My Pi3 serial console produces rubbish and fails to respond to the keyboard.
This answer is still correct, and explains in more detail the nature of the changes, but most users of current Raspbian should just run
Interfacing Options / Serialthen specify if you want a Serial console (probably no) then if you want the Serial Port hardware enabled (probably yes). Then use
/dev/serial0in any code which accesses the Serial Port.
The BCM2837 on the Raspberry Pi3 , Pi3B+, Pi3A+, PiZeroW has 2 UARTs (as did its predecessors), however to support the Bluetooth functionality the fully featured PL011 UART was moved from the header pins to the Bluetooth chip and the mini UART made available on header pins 8 & 10.
(The SOC on the Pi4 has additional UARTs, but the same 2 UARTs as BCM2837 are used for default serial on pins 8 & 10 and Bluetooth.)
This has a number of consequences for users of the serial interface.
/dev/ttyAMA0 previously used to access the UART now connects to Bluetooth.
The miniUART is now available on
In the latest operating system software there is a
/dev/serial0 which selects the appropriate device so you can replace
/dev/serial0 and use the same software on the Pi3 and earlier models.
Unfortunately there are a number of other consequences:-
The mini UART is a secondary low throughput UART intended to be used as a console. The mini Uart has the following features: • 7 or 8 bit operation. • 1 start and 1 stop bit. • No parities. • Break generation. • 8 symbols deep FIFOs for receive and transmit. • SW controlled RTS, SW readable CTS. • Auto flow control with programmable FIFO level. • 16550 like registers. • Baudrate derived from system clock.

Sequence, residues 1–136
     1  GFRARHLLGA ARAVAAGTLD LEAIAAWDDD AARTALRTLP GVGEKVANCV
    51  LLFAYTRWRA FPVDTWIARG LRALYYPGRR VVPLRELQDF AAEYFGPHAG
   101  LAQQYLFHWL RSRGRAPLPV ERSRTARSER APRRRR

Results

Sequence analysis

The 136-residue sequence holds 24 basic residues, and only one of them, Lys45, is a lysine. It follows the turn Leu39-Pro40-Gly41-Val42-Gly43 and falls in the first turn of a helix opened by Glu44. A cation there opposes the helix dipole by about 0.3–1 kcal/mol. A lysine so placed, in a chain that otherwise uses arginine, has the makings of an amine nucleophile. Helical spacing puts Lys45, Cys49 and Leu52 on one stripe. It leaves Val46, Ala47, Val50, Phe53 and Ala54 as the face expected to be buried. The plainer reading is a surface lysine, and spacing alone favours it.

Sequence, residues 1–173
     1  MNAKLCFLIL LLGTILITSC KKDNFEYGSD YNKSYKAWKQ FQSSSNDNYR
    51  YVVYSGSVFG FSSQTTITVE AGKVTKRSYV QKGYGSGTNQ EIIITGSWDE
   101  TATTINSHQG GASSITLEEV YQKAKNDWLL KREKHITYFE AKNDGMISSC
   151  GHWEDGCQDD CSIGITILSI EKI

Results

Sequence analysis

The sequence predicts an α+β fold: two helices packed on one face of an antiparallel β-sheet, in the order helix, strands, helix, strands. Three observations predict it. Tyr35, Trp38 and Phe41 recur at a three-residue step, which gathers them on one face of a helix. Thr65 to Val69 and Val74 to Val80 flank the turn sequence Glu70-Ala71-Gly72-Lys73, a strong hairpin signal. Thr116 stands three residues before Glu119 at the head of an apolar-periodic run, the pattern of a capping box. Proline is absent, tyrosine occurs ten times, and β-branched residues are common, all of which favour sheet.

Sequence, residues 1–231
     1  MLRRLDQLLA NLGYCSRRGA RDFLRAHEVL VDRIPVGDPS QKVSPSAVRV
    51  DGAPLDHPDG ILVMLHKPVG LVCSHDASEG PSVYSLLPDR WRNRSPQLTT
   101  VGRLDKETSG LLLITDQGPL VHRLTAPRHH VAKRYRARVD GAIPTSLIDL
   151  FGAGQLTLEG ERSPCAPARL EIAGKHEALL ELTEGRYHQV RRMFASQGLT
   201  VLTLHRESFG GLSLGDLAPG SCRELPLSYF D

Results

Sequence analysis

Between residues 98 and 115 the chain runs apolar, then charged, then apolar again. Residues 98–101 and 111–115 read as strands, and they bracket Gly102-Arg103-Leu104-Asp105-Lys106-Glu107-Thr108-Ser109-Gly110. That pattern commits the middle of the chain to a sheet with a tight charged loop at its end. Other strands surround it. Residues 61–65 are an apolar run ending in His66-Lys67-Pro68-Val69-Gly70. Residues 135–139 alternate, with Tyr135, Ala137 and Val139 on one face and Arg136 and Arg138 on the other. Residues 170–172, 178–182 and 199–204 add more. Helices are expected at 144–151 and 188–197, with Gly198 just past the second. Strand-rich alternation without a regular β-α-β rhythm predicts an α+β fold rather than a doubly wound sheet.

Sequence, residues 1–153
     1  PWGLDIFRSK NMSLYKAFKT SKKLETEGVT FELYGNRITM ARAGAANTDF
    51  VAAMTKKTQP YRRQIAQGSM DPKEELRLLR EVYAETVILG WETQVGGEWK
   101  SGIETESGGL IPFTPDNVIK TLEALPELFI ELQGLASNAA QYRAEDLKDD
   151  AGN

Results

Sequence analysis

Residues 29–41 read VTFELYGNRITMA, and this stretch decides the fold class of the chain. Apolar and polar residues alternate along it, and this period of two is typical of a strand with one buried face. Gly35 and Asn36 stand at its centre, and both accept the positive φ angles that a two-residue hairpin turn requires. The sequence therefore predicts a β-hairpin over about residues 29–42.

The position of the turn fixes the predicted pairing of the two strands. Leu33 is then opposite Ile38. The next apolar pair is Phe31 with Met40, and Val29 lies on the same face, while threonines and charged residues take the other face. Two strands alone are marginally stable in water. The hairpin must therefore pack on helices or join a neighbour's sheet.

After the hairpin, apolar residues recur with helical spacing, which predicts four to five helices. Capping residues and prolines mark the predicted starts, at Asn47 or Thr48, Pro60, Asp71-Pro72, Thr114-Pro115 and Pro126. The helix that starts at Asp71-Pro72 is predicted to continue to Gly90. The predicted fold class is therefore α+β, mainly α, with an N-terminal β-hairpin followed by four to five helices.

There is no support for parity and the throughput is limited, but the latter should not affect most uses.
There is one killer feature "Baudrate derived from system clock" which makes the miniUART useless as the this clock can change dynamically e.g. if the system goes into reduced power or in low power mode.
/boot/config.txt removes this dependency by adding the following line at the end:-
This fixes the problem and appears to have little impact. The
SPI clock frequency and
ARM Timer are also dependent on the system clock.
For some bizarre reason the default for Pi3 using the latest 4.4.9 kernel is to DISABLE UART. To enable it you need to change
/boot/config.txt. (This also fixes the
core_freqso this is no longer necessary.)
Finally if you don't use Bluetooth (or have undemanding uses) it is possible to swap the ports back in Device Tree. There is a
disable-bt module which are described in
finally this got work for my pi3 (os: debian jessie)
please follow these 6 steps carefully.
Step 1 - Install Raspbian Jessie onto a SD card and boot the Pi when connected to a network Login via terminal or desktop and shell Configure the system with:
Expand filesystem and enable serial on advanced page, exit and reboot.
Step 2 -this won't necessary if you have jessie new release Update the system with:
sudo apt-get update sudo apt-get upgrade
Step 3 - Device Tree settings as below:
Add device tree to /boot/config.txt to disable the Raspberry Pi 3 bluetooth.
sudo nano /boot/config.txt
Add at the end of the file
*if you want to change the blutooth to miniuart port(bad)
*if you want to disable the blutooth(good)